Lots of female motorcyclists rode in from around the country to attend this year’s Vintage Rally, and at one point I discovered more than a dozen Motor Maids club members gathered around the Women in Motorcycling display. The Motor Maids club was established in 1940. Its membership includes Gloria Struck, whom I consider their “first lady.” We first met years ago on a cold and blustery day in Daytona. Her Harley Heritage with New Jersey plates caught my eye because of the milk jugs strapped to the handlebars covering her hands. We’ve been good friends ever since.
The daughter of a motorcycle dealership owner in Clifton, New Jersey, Struck reluctantly rode a motorcycle for the first time in 1941, at the age of 16. She followed in the footsteps of her role model Dot Robinson, Motor Maids co-founder and first president, by joining the club in 1946. Gloria’s been riding ever since. She started out on Indians, then switched to Harleys in 1950, taking mostly long-distance rides every year to places like Daytona, Sturgis, and women’s conferences and Motor Maids gatherings all over the United States. It’s common for her to put 600-plus miles per day in the saddle of her full dresser. No heated grips, electric gear or trailers for this rider, and I am writing these words on her 87th birthday!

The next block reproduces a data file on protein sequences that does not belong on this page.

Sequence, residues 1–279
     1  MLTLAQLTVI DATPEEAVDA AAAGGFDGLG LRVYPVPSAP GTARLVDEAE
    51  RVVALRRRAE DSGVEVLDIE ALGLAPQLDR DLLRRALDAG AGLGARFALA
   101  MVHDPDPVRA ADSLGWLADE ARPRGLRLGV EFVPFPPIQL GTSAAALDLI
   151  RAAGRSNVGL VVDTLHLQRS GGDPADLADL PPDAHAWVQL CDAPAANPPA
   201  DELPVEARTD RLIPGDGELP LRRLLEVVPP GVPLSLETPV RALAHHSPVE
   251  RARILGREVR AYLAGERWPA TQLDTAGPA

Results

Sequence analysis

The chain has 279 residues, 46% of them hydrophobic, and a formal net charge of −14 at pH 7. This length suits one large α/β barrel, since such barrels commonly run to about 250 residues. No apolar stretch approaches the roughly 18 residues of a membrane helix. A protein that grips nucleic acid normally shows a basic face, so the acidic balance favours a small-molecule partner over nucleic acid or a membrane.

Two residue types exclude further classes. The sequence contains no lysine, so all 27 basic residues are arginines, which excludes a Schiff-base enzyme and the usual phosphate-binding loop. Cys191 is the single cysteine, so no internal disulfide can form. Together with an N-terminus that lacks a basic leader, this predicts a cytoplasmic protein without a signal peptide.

Gloria Struck has to be one of the most inspirational motorcyclists I know of. Always a polite and encouraging rider, she becomes an instant hero to anyone with whom she comes into contact, motorcyclist or not. That’s the case with me, and I aspire to be like her in many ways when I’m 87 years young!
(This article was published as a sidebar to the story The Vintage Rally in the March 2013 issue of Rider magazine.)